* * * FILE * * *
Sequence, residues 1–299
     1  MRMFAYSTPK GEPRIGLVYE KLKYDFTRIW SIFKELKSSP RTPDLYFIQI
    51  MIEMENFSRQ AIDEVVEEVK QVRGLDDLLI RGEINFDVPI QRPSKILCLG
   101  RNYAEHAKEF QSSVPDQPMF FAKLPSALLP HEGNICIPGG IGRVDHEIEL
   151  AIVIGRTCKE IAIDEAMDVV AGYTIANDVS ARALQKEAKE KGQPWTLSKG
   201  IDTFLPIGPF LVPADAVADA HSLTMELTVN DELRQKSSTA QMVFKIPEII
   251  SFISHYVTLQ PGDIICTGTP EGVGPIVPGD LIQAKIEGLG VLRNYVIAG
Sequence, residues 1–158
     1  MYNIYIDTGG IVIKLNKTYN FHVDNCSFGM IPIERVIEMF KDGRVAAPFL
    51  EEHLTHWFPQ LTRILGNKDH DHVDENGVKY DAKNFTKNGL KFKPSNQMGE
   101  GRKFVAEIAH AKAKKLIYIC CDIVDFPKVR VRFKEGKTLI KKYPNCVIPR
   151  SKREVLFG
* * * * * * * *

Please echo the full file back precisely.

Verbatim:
Sequence, residues 1–299
     1  MRMFAYSTPK GEPRIGLVYE KLKYDFTRIW SIFKELKSSP RTPDLYFIQI
    51  MIEMENFSRQ AIDEVVEEVK QVRGLDDLLI RGEINFDVPI QRPSKILCLG
   101  RNYAEHAKEF QSSVPDQPMF FAKLPSALLP HEGNICIPGG IGRVDHEIEL
   151  AIVIGRTCKE IAIDEAMDVV AGYTIANDVS ARALQKEAKE KGQPWTLSKG
   201  IDTFLPIGPF LVPADAVADA HSLTMELTVN DELRQKSSTA QMVFKIPEII
   251  SFISHYVTLQ PGDIICTGTP EGVGPIVPGD LIQAKIEGLG VLRNYVIAG
Sequence, residues 1–158
     1  MYNIYIDTGG IVIKLNKTYN FHVDNCSFGM IPIERVIEMF KDGRVAAPFL
    51  EEHLTHWFPQ LTRILGNKDH DHVDENGVKY DAKNFTKNGL KFKPSNQMGE
   101  GRKFVAEIAH AKAKKLIYIC CDIVDFPKVR VRFKEGKTLI KKYPNCVIPR
   151  SKREVLFG